Singles (1992)

Cameron Crowe directs Bridget Fonda, Campbell Scott and Kyra Sedgwick in this romantic comedy that follows an apartment block of twenty-somethings as they fall in and out of love in Seattle.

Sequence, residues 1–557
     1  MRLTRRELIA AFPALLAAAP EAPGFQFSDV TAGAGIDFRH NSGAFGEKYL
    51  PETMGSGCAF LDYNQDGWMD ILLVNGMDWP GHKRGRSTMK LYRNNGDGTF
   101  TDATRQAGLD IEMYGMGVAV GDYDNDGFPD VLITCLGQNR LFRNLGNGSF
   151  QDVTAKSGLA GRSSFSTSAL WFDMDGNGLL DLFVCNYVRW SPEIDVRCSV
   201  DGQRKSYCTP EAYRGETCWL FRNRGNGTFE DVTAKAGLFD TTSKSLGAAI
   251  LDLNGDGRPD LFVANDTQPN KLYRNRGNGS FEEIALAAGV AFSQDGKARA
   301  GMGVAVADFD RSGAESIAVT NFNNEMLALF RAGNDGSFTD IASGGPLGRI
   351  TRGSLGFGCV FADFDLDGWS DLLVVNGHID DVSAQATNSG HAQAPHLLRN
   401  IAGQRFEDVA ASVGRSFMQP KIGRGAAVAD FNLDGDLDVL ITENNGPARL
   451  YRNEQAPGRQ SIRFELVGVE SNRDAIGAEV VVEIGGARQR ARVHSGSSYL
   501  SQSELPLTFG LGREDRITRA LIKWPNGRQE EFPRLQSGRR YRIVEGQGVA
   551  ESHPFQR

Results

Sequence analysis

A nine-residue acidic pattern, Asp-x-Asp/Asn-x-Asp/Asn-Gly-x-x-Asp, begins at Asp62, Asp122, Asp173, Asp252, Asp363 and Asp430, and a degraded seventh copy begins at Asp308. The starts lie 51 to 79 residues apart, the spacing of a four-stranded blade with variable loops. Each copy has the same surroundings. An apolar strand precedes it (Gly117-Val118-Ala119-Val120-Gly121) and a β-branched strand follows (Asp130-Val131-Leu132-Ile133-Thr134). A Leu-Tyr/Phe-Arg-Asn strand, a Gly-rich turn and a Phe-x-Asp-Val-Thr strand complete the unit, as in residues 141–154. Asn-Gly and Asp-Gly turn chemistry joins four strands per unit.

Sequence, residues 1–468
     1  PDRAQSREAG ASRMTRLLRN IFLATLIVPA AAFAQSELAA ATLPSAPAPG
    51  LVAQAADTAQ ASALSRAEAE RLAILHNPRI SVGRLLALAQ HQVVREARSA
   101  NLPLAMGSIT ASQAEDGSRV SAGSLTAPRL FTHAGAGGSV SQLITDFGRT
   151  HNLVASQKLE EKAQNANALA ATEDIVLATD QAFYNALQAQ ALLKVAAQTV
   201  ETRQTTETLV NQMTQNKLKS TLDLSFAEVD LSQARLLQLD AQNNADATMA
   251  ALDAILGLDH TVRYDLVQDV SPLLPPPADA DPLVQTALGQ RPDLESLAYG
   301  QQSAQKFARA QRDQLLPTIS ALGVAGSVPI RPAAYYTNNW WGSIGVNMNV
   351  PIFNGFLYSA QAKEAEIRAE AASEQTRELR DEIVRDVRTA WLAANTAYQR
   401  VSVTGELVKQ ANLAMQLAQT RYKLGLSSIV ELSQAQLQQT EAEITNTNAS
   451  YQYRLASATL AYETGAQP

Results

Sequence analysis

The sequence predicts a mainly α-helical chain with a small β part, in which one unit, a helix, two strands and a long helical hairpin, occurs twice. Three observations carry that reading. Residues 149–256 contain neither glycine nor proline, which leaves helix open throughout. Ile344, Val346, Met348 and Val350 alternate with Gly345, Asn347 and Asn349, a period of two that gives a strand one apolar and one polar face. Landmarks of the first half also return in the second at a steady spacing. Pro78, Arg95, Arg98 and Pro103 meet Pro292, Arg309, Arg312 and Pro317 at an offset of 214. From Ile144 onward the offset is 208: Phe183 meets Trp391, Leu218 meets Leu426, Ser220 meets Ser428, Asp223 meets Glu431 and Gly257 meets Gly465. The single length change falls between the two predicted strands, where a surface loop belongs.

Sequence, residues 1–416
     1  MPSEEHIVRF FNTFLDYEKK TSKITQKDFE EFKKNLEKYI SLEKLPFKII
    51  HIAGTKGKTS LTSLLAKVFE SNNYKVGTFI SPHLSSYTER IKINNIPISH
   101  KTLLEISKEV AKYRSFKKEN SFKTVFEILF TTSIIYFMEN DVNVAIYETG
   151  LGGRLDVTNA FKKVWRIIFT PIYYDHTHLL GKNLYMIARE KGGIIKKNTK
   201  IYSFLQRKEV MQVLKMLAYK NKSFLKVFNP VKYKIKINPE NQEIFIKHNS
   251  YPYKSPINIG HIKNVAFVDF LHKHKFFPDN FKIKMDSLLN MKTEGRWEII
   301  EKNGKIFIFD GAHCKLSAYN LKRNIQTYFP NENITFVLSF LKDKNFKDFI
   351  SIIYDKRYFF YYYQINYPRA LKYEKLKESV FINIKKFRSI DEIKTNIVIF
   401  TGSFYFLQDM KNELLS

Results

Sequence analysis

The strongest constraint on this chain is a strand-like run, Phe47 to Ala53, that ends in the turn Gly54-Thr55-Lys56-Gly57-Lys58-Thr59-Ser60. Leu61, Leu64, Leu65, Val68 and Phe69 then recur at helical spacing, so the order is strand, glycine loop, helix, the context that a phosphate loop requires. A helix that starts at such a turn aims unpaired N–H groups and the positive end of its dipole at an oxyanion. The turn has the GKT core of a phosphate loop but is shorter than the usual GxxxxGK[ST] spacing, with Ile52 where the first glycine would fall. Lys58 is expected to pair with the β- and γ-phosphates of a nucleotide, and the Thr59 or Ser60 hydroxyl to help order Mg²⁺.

Sitting slightly underwhelmingly between the Five Star Classics Say Anything… and Jerry Maguire, Singles is a gentler, less focussed Cameron Crowe release. The witty dialogue is still in full effect and we all know Crowe can lurch unexpectedly into drama without ever getting too saccharine. The film is noteworthy now for its wider influence… allegedly Warner Brothers’ impetus to develop the sitcom Friends. That evergreen hit wouldn’t want to contest a paternity test in court with what is fathered here… but neither would novelist Nick Hornby if we are being brutally honest. While some elements do get lost in the busy shuffle Fonda finesses a couple of lovely moments, there is a keen snapshot of the Seattle grunge boom, a wonderful Paul Westerberg score and Matt Dillon’s first forays into broad comedy. While Dillon is aiming for a different sound than the more solid work by the leads, he steals every scene he is in as the self-obsessed Citizen Dick frontman.


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